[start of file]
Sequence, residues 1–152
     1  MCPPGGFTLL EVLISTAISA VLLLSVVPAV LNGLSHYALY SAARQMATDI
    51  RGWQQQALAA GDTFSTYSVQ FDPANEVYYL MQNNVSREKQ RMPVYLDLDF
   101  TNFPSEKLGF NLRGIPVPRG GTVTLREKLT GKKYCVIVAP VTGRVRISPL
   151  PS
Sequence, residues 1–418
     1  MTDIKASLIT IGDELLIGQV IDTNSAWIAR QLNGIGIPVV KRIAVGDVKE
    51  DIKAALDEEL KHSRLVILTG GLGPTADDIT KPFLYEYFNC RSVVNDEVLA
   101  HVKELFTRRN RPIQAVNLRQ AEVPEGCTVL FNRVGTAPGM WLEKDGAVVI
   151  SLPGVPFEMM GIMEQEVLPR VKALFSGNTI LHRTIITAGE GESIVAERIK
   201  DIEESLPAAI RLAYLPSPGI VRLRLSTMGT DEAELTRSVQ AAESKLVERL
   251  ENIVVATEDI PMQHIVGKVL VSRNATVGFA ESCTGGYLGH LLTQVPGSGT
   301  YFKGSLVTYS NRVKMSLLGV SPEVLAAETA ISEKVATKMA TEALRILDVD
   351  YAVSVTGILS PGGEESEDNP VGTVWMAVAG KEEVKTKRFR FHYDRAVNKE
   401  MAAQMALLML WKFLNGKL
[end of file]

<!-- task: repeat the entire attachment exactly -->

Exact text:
Sequence, residues 1–152
     1  MCPPGGFTLL EVLISTAISA VLLLSVVPAV LNGLSHYALY SAARQMATDI
    51  RGWQQQALAA GDTFSTYSVQ FDPANEVYYL MQNNVSREKQ RMPVYLDLDF
   101  TNFPSEKLGF NLRGIPVPRG GTVTLREKLT GKKYCVIVAP VTGRVRISPL
   151  PS
Sequence, residues 1–418
     1  MTDIKASLIT IGDELLIGQV IDTNSAWIAR QLNGIGIPVV KRIAVGDVKE
    51  DIKAALDEEL KHSRLVILTG GLGPTADDIT KPFLYEYFNC RSVVNDEVLA
   101  HVKELFTRRN RPIQAVNLRQ AEVPEGCTVL FNRVGTAPGM WLEKDGAVVI
   151  SLPGVPFEMM GIMEQEVLPR VKALFSGNTI LHRTIITAGE GESIVAERIK
   201  DIEESLPAAI RLAYLPSPGI VRLRLSTMGT DEAELTRSVQ AAESKLVERL
   251  ENIVVATEDI PMQHIVGKVL VSRNATVGFA ESCTGGYLGH LLTQVPGSGT
   301  YFKGSLVTYS NRVKMSLLGV SPEVLAAETA ISEKVATKMA TEALRILDVD
   351  YAVSVTGILS PGGEESEDNP VGTVWMAVAG KEEVKTKRFR FHYDRAVNKE
   401  MAAQMALLML WKFLNGKL